Editorial: Cars, poisons are killing California’s cougars. Time for stronger protections

This May 2020 photo shows mountain lion kittens found in the Santa Monica Mountains.
(National Park Service via Associated Press)

For those wondering how many mountain lions have been slaughtered on California’s roads recently, a new study has an answer: more than 500 in the last eight years. And those are just the vehicle strikes that were reported and confirmed. Others, like Los Angeles’ recently departed P-22, may have been hit and limped off, their injuries contributing to their death later.

Meanwhile, rodenticides continue to be a threat to the health of big cats that can be sickened or even killed when they eat animals that ingested the poison.

Mountain lions may be apex predators, but they are also vulnerable to a variety of environmental threats, most of them man-made: They have to dodge cars and trucks just to get across a road to seek a mate or food in new territory — and may eat some animal that ingested rat poison from a bait station put out by people.


The report from the UC Davis Road Ecology Center found that the number of cats killed in vehicle strikes has been trending upward, though it dipped during the pandemic years: For example, 79 were killed in 2019 and 74 in 2022, with the number falling to 53 in 2020 and 56 in 2021. Setting aside the pandemic years, the trend is downward, says Fraser Shilling, the director of the center. But that doesn’t necessarily signify less traffic, he says, adding, “usually when road kills trend downward it’s because there is less wildlife.” And these numbers are probably an undercount, since not every vehicle strike will be reported.

Mountain lions keep getting killed on the roads. California must do more to build safer crossings for animals across busy freeways and highways.

April 3, 2022

The California Department of Fish and Wildlife is expected to release a mountain lion population assessment later this year. Although California’s cougars are not endangered everywhere in the state, populations in Central and Southern California are so genetically inbred and isolated that their numbers could be dwindling, according to scientists. We hope the state’s Fish and Game Commission will vote this year to list mountain lions in Central and Southern California as either endangered or threatened to give them the added protection they need to survive the encroachment of development and traffic into their habitats.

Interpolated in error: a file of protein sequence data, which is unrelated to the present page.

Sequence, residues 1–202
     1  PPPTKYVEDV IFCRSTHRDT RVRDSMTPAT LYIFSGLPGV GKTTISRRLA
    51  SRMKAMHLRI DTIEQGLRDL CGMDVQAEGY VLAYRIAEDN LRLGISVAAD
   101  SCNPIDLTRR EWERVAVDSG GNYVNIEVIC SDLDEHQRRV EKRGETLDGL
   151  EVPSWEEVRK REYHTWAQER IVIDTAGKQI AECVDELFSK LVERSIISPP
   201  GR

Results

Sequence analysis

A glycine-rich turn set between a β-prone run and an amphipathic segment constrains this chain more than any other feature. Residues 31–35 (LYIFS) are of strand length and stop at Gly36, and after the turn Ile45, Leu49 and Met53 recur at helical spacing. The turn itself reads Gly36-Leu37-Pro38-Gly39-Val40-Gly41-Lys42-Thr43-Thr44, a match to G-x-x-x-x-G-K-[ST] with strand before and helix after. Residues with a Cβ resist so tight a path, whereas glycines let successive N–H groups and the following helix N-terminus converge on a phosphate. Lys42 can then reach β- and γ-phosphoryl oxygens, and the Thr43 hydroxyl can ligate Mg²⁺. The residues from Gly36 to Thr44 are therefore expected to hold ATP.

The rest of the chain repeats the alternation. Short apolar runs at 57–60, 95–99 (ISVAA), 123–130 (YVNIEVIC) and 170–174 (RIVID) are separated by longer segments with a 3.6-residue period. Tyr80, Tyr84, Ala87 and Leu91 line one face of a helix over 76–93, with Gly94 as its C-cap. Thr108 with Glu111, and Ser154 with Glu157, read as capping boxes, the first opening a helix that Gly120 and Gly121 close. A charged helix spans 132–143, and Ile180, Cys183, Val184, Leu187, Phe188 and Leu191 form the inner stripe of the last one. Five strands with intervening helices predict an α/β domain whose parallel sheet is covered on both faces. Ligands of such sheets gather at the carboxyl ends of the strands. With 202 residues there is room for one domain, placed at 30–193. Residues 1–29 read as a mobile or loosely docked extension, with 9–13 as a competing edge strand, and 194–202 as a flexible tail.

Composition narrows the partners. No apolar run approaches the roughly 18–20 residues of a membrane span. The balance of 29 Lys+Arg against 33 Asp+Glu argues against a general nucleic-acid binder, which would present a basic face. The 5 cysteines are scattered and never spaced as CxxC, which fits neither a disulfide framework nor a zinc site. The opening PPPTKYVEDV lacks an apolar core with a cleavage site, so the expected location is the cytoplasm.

If they are listed, new construction in those areas would have to minimize impacts, such as making sure the project doesn’t block mountain lion corridors, the paths they take to look for food or mates. Assembly Bill 2344, the Safe Roads and Wildlife Protection Act, which was passed into law last year, requires new transportation projects in roadkill hot spots to find ways to make it safer for wildlife or fix a spot that is dangerous to cross. A proposed wildlife district ordinance in the city of Los Angeles has yet to be voted on by the City Council. It would provide some habitat protection for lions among other wildlife.

A state-of-the-art wildlife crossing is already under construction at Liberty Canyon on the 101 Freeway. But if lions are listed as endangered or threatened, the state could prioritize wildlife crossings on existing roads and highways that have been treacherous for lions to cross.

A proposed wildlife ordinance for L.A. is just what animal — and humans — need.

Nov. 7, 2022

Rat poison continues to be a threat to mountain lions despite a recent law that put a moratorium on the use of toxic second-generation anticoagulant rodenticides except for agriculture or to protect public health starting in 2021. Ironically, one acceptable use is the control of rodents where they harm threatened or endangered species. Two mountain lion kittens that died in late 2021 after being found near a Thousand Oaks office complex had rat poison in their systems. P-65, a collared mountain lion in the National Park Service study, died last year of mange and was found to have a cocktail of first- and second-generation rat poison in her system.

Regulators are currently reevaluating the effects of the moratorium. If they take any further action, it should be to tighten restrictions. Lions are still falling victim to these poisons, so now is not the time to relax any rules on these rodenticides.

On Saturday, thousands of people turned out for a memorial at the Greek Theatre to honor P-22, who was euthanized late last year after he was discovered to be suffering from a variety of ailments as well as injuries from a probable car strike. Clearly, Angelenos care about the fate of the cougars living in their midst. As we build into their habitats and hem them in with roads, we have to find ways to protect them. Otherwise they will eventually vanish.